Warzone News: Week of September 16, 2015
Resource of the Week: Where are Syria’s refugees coming from? And where are they going?
In Afghanistan, ISIS is beginning to have a larger influence in the country, even fighting the Taliban for territory. Afghanistan has also been named the worst place to be elderly. An aid worker from the Netherlands was freed after being held for 81 days. In northern Afghanistan, trucks carrying food for distribution to needy communities were attacked and burned.
In the Central African Republic, militias have been seizing schools and using them as bases. A grenade attack in the capital Bangui killed two.
In the Democratic Republic of Congo, election violence has begun to increase ahead of November 2016 elections.
In Iraq, the conflict between Turkey and Kurdish rebels has spilled over the border into Iraq. The leader of Al Qaeda has spoken out against ISIS, creating further division between the terrorist groups. New evidence shows that ISIS is making and using chemical weapons in both Iraq and Syria.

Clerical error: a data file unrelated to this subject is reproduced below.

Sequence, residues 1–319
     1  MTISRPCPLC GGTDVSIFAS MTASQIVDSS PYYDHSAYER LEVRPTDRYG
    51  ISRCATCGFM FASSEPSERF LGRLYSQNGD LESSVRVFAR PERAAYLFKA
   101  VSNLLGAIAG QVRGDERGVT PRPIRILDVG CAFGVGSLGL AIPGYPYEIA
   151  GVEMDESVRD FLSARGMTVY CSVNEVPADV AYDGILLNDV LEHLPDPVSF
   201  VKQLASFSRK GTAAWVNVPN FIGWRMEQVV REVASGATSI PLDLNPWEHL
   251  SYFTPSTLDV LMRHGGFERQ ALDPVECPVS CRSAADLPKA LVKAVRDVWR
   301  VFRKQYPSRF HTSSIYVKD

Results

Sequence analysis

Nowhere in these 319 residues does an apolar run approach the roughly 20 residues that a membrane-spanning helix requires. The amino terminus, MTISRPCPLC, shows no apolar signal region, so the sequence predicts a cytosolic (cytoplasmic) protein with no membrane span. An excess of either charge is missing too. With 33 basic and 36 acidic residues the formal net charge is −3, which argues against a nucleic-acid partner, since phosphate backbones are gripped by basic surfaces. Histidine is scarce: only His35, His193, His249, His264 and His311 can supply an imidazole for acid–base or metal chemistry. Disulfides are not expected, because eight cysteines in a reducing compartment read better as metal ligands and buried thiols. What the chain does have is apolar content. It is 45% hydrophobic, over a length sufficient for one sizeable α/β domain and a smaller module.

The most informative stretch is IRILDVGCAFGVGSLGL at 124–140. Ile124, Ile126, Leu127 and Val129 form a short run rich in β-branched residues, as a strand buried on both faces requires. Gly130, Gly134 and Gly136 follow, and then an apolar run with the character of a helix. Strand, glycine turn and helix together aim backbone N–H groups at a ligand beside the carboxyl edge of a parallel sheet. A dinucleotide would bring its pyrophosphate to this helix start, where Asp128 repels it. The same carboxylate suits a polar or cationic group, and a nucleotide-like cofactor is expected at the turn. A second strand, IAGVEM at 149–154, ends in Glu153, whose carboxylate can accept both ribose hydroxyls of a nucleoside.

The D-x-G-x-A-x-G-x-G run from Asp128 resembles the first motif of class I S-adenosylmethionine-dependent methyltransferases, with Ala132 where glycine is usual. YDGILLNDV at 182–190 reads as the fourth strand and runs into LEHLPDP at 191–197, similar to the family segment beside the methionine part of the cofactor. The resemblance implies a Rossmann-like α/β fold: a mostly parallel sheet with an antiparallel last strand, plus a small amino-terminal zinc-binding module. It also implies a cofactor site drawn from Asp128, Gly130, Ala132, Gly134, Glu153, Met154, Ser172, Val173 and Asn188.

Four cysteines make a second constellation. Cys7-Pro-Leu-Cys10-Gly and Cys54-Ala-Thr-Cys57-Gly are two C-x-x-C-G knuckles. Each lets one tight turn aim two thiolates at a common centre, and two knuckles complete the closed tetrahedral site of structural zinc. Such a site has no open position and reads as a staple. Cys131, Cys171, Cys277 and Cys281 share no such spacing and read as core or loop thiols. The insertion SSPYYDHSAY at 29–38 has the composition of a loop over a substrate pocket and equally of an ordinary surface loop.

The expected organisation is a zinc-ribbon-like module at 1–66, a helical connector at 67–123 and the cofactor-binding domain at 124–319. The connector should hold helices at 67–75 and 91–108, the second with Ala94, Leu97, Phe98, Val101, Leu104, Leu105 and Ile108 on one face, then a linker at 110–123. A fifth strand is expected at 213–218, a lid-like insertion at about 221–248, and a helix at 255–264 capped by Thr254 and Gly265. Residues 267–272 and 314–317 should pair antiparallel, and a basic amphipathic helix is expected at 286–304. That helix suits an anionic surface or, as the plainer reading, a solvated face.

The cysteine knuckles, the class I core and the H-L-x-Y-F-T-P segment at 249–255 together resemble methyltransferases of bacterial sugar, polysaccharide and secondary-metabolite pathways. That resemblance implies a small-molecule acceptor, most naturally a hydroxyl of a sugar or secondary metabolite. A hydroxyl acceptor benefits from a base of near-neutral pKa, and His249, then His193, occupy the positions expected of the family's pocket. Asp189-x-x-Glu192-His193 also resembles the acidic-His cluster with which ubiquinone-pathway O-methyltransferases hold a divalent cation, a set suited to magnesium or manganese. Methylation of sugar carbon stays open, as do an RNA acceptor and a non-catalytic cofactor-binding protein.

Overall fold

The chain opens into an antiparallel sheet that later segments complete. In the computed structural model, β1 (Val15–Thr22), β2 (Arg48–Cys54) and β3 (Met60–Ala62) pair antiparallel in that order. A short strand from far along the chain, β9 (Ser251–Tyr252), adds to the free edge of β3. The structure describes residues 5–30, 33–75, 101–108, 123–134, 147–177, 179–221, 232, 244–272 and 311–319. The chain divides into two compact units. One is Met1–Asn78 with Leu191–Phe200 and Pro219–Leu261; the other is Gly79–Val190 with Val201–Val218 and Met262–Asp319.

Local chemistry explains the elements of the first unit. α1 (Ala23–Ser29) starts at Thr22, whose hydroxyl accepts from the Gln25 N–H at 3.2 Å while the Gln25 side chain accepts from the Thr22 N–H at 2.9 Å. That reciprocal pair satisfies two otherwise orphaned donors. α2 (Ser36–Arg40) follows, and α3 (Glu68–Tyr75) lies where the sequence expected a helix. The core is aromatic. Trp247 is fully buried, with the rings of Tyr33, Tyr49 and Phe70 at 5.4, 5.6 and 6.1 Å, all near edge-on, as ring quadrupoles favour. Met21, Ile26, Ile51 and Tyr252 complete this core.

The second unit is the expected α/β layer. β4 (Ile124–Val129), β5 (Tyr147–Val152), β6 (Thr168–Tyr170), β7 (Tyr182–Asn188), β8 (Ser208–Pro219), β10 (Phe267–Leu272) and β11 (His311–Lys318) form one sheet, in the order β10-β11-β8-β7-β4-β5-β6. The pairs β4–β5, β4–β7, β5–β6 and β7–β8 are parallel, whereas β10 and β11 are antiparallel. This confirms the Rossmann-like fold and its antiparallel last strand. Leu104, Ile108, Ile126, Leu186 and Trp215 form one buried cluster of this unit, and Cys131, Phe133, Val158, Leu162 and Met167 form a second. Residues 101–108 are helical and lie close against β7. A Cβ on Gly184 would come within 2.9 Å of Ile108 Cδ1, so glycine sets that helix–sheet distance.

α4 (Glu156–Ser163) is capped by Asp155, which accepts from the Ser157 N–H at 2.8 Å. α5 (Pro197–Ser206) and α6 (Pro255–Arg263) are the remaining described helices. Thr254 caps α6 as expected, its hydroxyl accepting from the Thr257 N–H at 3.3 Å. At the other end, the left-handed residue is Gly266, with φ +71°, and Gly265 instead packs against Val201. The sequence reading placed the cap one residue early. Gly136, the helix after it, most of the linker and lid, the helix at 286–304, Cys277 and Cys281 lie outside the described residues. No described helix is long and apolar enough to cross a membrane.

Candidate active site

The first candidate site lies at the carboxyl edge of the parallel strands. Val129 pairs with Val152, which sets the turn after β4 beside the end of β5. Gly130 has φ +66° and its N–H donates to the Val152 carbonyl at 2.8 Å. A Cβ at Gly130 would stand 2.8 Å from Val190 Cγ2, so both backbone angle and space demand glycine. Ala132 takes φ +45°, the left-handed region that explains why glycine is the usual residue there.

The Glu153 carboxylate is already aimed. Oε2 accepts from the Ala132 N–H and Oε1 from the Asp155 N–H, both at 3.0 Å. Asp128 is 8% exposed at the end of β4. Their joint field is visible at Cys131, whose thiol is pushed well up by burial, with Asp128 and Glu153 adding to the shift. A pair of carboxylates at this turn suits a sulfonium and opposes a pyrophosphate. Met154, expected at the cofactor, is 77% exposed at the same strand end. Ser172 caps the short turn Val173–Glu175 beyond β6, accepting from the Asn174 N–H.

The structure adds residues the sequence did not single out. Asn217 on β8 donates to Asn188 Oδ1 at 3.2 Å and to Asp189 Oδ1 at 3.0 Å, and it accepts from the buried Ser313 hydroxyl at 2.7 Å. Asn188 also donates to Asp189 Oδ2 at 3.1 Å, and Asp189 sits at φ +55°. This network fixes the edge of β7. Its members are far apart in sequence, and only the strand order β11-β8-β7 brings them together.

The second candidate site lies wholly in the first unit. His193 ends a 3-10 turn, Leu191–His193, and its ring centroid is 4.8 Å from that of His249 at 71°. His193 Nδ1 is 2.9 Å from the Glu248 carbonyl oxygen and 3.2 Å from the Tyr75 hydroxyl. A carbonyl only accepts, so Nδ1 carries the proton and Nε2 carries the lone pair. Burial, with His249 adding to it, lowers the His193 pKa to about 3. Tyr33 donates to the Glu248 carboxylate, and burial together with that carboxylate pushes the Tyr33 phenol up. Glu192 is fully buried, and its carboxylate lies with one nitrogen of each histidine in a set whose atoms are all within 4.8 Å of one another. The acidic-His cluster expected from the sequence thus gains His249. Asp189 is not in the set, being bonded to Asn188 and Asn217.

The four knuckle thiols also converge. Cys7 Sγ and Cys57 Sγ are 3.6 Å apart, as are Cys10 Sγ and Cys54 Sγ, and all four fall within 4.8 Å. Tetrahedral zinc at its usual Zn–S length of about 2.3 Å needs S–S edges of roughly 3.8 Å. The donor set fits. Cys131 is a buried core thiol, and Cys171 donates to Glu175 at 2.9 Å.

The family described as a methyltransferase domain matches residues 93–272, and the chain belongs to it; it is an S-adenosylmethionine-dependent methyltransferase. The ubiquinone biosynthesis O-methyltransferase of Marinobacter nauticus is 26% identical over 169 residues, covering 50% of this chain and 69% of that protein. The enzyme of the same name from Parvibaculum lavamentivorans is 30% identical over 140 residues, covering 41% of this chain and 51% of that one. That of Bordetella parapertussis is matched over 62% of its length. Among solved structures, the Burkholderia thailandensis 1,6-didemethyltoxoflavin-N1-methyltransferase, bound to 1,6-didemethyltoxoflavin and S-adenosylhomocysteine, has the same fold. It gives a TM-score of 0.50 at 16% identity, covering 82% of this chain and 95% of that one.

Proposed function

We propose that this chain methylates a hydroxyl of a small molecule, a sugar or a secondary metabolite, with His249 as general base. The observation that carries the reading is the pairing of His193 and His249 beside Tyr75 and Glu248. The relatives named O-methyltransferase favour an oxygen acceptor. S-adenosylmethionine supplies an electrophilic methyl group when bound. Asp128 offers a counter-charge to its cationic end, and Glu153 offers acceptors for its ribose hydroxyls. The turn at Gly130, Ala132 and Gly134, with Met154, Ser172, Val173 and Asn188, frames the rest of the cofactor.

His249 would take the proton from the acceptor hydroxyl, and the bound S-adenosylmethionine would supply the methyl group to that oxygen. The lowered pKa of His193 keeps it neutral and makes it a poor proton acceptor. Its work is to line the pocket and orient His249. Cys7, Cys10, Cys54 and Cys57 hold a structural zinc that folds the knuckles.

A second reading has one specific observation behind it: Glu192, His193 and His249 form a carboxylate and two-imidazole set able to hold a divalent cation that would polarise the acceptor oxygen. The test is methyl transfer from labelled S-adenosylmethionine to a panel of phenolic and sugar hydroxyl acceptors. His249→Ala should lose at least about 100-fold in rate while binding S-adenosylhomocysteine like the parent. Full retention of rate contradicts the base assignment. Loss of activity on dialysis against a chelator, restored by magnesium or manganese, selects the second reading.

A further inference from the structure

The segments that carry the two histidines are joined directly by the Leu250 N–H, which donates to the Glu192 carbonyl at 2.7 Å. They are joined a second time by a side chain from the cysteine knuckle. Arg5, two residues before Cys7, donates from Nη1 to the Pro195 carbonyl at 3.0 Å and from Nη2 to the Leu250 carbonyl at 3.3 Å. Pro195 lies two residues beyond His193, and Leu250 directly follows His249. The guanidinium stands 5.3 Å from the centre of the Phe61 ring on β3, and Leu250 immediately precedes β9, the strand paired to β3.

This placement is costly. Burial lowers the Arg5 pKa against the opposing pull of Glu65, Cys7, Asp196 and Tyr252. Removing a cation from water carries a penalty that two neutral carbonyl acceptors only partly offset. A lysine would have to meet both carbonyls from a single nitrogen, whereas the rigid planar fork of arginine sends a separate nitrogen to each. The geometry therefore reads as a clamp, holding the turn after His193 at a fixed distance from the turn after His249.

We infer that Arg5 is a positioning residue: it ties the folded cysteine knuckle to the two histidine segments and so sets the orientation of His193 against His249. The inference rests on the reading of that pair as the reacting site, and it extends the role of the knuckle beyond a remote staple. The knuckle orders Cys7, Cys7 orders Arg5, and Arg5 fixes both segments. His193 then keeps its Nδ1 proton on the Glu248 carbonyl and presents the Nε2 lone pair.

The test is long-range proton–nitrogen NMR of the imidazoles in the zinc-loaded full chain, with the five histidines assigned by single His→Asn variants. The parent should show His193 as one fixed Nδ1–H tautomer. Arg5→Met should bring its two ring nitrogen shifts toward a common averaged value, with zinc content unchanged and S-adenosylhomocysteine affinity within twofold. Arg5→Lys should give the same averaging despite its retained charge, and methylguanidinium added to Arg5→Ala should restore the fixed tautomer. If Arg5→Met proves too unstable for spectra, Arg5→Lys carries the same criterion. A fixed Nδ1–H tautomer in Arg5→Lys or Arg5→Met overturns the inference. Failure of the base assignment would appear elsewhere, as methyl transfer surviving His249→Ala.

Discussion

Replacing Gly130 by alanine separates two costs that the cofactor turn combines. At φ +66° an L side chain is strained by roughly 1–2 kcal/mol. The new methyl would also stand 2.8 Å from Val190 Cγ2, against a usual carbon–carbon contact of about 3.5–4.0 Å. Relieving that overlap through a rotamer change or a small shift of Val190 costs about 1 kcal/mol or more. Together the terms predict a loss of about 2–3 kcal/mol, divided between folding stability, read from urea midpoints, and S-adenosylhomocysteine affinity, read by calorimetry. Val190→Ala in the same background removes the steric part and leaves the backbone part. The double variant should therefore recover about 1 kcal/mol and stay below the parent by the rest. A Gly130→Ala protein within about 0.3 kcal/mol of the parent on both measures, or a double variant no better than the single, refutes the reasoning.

In Israel and Palestine, clashes between Israeli police and Palestinians have lasted three days at a mosque in Jerusalem.
In Libya, peace talks stall over proposed amendments.
In Nigeria, a bomb killed 7 people at a camp housing Nigerians fleeing Boko Haram. An estimated 5.5 million people in countries impacted by Boko Haram lack enough food to eat.
In South Sudan, the UN Security Council is meeting this week to decide on new sanctions.
In Sudan, a new report was released that government forces committed atrocities in Darfur beginning in February 2014, including mass rape, destruction of infrastructure, torture, and killings.
In Syria, Russia is continuing to increase it’s presence, including evidence that they are building a base. Refugees are looking for a legal route to Europe, although very few opportunities are available to them. Daily life is a struggle for those who have decided to stay in Syria.
In Turkey, the government is continuing to wage war on the PKK, a Kurdish militant group, even as the PKK fights ISIS in Syria.
In Yemen, Saudi-led strikes are hitting the capital of Sanaa in some of the worst attacks since the start of the conflict. Saudi Arabia has failed to come through with promised aid for millions desperately in need. While overshadowed by destruction in Syria and Iraq, antiquities and cultural sites are also being destroyed in Yemen. Peace talks scheduled for this week collapsed when the Yemeni government chose not to participate. The head of human rights for the UN called for an inquiry into abuses by both sides in the conflict.